Carl Frampton's bid to become the first Irish boxer to be crowned world champion at three different weights is on hold but his greater concern is for the future of the sport globally.
The 33-year-old has told AFP the disruption caused by the coronavirus pandemic means he will be lucky if he gets to fight WBO super-featherweight champion Jamel Herring this year.
The bout had been due to take place in Frampton's hometown of Belfast, in Northern Ireland, on 13 June.
Despite the frustrations due to the enforced delay, Frampton says he is in a better position than many other boxers, who rely on "bums on seats" to make money.
"My genuine concern for boxers is less than one percent of fighters globally are able to live comfortably without having to fight on a regular basis," he said.
"I know a lot who live purse to purse and on sponsorship deals which are small, local businesses."
The former super bantamweight and featherweight world champion says those sponsors can no longer support the boxers due to the financial hit from the shutdown.
"They are pulling out because they can't afford to do it anymore as they have to pay other bills," he said.
"I feel privileged and lucky that I am in a position where I am not relying on the next purse to eat again. It sounds harsh but it's true."
Frampton, who is actively involved in encouraging more integrated schooling between Catholics and Protestants in Northern Ireland, says even some at the top are struggling.
"There are world champions who find it hard to sell tickets and rely on being a hit on TV," he said. "I am in a good position as I fought in some big fights and built up some money and I can dip into that at the moment.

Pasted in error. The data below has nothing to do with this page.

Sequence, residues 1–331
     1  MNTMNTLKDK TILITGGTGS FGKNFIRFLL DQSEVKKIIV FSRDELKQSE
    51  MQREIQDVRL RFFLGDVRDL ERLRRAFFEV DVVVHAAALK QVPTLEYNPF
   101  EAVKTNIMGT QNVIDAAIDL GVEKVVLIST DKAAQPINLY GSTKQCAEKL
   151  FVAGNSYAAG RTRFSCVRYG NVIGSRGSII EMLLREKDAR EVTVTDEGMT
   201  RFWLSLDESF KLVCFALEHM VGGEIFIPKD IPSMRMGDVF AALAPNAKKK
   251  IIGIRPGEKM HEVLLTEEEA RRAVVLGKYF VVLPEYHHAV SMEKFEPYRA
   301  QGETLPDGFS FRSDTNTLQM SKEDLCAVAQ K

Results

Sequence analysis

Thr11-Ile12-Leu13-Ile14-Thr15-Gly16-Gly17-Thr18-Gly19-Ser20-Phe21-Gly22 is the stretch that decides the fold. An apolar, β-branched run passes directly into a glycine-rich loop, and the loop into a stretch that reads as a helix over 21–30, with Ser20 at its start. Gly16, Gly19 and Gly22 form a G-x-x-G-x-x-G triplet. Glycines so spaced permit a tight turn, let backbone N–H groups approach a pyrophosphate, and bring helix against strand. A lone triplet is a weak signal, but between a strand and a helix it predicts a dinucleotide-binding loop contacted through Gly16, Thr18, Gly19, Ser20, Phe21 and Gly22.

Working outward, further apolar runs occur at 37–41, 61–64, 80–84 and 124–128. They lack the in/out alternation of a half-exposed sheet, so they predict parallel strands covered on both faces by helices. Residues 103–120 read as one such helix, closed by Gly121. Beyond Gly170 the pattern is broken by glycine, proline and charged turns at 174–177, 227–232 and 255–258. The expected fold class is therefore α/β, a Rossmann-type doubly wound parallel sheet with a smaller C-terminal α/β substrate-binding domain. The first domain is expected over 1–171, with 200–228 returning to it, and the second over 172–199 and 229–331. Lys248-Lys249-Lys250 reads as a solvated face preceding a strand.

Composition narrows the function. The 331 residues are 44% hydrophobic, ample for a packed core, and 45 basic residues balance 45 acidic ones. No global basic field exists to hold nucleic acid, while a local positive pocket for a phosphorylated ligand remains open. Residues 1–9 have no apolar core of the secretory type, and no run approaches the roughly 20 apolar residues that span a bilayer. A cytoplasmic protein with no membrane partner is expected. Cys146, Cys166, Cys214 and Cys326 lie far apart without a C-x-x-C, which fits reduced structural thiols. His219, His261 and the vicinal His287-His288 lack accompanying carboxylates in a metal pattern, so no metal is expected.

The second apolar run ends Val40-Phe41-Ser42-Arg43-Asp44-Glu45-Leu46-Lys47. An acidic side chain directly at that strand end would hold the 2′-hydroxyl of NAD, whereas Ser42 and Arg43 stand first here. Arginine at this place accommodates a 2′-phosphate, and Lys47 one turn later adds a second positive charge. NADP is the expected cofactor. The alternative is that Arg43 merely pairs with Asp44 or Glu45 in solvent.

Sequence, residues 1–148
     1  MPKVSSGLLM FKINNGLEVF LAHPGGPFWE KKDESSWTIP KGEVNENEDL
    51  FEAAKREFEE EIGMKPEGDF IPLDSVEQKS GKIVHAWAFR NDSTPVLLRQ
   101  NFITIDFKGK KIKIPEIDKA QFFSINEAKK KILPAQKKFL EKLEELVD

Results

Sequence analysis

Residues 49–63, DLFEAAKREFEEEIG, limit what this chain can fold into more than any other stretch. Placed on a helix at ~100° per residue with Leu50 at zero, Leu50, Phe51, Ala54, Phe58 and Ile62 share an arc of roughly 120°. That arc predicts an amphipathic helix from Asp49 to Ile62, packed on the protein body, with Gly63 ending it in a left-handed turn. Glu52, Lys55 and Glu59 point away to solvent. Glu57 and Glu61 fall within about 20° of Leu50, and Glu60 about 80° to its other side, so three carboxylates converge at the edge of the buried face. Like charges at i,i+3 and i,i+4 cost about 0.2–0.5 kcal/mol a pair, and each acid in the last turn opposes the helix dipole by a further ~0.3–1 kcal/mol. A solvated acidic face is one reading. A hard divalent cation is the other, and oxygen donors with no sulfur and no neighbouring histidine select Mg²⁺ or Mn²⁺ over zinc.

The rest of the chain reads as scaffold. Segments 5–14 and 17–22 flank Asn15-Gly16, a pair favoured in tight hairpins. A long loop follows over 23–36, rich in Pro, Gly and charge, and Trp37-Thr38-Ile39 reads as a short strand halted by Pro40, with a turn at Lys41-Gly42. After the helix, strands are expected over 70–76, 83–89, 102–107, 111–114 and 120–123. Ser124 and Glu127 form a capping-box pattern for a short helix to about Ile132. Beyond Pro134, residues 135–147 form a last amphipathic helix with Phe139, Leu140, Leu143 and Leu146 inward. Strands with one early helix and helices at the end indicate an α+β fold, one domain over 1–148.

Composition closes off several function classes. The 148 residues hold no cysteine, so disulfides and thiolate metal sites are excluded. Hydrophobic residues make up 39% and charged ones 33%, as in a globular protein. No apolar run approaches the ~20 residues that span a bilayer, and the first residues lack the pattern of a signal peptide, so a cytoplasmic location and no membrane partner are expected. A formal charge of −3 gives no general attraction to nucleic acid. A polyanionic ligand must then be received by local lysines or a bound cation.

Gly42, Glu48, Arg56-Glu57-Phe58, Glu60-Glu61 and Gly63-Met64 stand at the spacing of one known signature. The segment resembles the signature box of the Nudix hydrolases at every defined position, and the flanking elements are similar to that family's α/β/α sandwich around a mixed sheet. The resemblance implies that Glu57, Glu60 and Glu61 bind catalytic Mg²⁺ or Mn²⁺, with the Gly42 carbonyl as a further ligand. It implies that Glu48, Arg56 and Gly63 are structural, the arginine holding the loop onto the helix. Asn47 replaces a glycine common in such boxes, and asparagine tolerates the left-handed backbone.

"Hand on heart I feel genuinely sorry for these guys on the breadline for they have dreams and aspirations themselves. My genuine concern is they will have to give up on their dream of becoming champions."
Frampton says one potential way those lower down the food chain in boxing could earn money would be through fans paying a subscription to watch streamed fights.
"You don't want a sport to die," he said. "Say for instance social distancing is put in place for one to two years then boxing could take a huge hit.
"There are people better positioned like promoters to know about how realistic it is to stream fights online and charging a smaller fee to watch live boxing again. At least boxers who are really struggling will get paid."
Frampton, though, is realistic enough to know that boxing is a business for promoters.
"Let us not kid ourselves - a promoter is in boxing to make money," he said. "They are not going to put on shows for boxers to make money if they are going to lose money."
Frampton has been keeping to a fitness regime, installing a mini-gym in his garage and working out five days a week.
"However, you cannot get ready for a world title fight with a camp in a garage on your own," said Frampton, who has given up on learning the guitar during the hiatus after struggling to follow YouTube lessons.
"You need a coach and at least an eight-week training camp, though I prefer 12. The title bout is still a long way off. If it happens this year I would be happy."
Frampton, who helps with the cooking while his "brilliant" wife Christine homeschools nine-year-old daughter Carla and five-year-old son Rossa, would reluctantly accept a fight without spectators.
"I would rather not but a professional boxer is self-employed," he said. "It is up to the promoter and TV company.
"If they come to me and say 'here is a chance to fight a world title but behind closed doors take it or leave it', you have to take it."